Recently watched The Interrupters, a PBS documentary about a group of Chicagoans who seek to prevent murders by “interrupting” the cycle of anger, vengeance, and despair which leads people to choose to do violence against others. These people, (almost?) all of whom have gnarly criminal histories themselves, find potential perpetrators at vulnerable moments–on probation, or after they’ve been shot, etc–and stick with them, doggedly making the arguments for peace. They can’t offer a whole lot in terms of practical incentives. They can’t guarantee a job, to pick one obvious example that a lot of them I think really wish they could hand out like “Stop the Killings” t-shirts. But for this very reason the group relies on that shockingly strong force so many elite-planned initiatives disregard: the moral backbone of the poor.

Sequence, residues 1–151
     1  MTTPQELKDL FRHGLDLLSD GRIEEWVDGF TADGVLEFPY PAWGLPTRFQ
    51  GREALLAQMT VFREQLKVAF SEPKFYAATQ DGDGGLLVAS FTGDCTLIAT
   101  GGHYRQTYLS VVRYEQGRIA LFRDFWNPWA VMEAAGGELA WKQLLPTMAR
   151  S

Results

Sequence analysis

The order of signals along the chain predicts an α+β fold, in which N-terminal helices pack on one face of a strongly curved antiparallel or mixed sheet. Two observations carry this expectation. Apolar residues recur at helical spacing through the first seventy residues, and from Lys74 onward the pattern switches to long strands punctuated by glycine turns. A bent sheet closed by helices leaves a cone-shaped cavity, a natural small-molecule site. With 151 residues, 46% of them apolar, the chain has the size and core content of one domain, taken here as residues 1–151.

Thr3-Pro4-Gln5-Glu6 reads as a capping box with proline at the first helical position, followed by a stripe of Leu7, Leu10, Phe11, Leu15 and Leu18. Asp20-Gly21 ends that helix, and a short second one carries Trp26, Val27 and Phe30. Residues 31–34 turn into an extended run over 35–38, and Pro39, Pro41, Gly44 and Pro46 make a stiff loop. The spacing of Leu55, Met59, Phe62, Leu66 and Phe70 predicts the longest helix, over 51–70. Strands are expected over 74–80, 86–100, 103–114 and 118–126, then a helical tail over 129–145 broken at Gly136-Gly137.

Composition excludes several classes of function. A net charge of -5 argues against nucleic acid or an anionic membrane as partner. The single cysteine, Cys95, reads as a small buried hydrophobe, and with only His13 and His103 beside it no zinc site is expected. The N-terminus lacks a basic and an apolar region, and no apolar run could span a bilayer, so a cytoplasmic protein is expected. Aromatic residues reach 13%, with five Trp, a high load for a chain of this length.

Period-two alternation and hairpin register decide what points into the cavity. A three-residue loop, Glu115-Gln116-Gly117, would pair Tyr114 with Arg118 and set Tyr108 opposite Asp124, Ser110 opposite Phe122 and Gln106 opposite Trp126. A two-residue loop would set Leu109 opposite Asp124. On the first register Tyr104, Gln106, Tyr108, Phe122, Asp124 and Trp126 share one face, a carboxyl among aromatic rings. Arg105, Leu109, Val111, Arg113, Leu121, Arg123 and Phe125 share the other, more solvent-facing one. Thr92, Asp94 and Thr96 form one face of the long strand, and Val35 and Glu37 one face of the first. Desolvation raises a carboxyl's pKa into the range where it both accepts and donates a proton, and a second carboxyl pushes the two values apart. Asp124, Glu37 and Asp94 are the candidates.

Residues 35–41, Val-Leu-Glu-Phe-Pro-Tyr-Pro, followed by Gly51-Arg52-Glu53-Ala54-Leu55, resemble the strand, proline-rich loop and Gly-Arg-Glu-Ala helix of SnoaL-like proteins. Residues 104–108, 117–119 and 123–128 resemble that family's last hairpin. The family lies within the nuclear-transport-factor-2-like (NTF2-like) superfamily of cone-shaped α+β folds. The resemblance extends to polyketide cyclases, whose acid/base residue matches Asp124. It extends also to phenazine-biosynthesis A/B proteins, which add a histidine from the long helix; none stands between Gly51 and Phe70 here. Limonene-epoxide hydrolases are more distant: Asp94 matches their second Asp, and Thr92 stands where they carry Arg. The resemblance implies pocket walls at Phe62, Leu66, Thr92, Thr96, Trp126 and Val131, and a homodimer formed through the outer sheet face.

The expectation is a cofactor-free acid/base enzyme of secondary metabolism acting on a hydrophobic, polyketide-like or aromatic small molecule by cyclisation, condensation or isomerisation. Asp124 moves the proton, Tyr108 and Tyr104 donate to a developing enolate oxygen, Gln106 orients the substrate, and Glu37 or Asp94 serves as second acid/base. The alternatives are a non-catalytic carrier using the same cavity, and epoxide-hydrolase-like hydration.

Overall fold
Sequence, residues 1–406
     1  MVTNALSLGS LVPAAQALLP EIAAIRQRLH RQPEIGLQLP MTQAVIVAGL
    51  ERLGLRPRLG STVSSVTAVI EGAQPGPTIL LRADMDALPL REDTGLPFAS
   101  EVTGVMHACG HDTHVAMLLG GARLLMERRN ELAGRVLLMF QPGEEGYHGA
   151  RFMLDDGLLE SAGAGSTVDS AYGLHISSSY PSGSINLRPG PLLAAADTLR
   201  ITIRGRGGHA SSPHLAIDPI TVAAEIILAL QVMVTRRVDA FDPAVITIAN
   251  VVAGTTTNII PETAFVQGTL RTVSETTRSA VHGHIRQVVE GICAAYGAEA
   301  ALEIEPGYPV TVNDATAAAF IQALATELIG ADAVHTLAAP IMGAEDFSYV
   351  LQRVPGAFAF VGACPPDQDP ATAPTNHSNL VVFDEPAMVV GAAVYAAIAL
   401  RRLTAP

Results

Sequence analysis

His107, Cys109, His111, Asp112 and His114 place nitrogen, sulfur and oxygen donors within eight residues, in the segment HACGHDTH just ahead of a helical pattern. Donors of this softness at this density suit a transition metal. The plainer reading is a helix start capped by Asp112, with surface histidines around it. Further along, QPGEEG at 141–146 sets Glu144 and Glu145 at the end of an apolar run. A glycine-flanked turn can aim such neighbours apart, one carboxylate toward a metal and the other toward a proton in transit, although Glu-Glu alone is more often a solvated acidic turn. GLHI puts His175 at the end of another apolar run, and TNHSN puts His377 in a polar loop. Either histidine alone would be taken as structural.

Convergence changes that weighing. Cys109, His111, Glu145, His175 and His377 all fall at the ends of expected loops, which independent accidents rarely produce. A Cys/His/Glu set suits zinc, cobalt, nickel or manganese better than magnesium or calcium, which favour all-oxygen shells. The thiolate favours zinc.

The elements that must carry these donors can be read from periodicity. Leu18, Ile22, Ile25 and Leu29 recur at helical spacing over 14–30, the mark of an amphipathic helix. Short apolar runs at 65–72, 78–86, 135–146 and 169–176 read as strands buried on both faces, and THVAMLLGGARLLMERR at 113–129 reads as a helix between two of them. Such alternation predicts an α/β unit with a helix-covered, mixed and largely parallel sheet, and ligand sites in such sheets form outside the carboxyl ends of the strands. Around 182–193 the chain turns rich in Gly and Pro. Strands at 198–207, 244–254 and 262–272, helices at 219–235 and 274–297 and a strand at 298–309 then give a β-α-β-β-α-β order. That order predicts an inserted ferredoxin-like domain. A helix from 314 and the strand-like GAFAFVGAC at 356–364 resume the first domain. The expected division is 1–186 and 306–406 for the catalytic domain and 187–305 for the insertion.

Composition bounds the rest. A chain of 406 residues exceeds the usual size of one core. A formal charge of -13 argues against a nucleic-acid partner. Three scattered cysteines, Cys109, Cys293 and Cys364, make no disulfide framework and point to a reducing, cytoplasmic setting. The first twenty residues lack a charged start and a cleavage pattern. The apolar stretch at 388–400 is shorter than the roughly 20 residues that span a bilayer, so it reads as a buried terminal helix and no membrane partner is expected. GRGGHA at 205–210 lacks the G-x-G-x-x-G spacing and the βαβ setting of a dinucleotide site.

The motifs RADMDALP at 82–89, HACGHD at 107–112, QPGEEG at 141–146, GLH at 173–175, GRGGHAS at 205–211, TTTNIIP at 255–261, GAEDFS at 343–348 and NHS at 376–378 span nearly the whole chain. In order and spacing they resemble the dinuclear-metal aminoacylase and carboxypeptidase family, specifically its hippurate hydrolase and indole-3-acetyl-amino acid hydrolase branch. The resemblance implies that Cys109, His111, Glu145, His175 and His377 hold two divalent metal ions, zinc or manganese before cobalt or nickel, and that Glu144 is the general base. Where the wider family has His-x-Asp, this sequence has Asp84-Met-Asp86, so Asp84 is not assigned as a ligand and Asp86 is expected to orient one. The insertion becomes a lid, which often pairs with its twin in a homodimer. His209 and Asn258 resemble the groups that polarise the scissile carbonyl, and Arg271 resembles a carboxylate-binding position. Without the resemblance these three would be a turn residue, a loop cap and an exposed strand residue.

The Interrupters is much better than it had to be. It gets into some questions which a more propagandistic documentary might exclude, like the group’s relationship with the police and the inevitable consequences of recruiting people whose primary qualifications are a (past) history of violence themselves and a sincere desire to keep other people from heading down the same road. Definitely worth your time if you’re interested in what fuels urban violence and which approaches can postpone and, ideally, prevent it. Some notes:
# The interrupters deal with a specific subset of violence, which you might call urban violence for its own sake between neighbors or strangers. Not child abuse, and not domestic violence; they deal with gang violence, but not only gang violence; we don’t see them addressing sexual violence, or violence that arises out of robbery or burglary. And among the perpetrators of this subset of violence it seems like pretty much nobody is solely a perpetrator. Everybody whose violence the “interrupters” are trying to interrupt has been a victim of violence in the past and is pretty clearly at risk in the present and future. Some people are simply victims of this kind of violence–the toddler who catches a stray bullet, for example. But the perpetrators are rarely only perpetrators.
Pretty sure this gun picture is via Wikimedia Commons.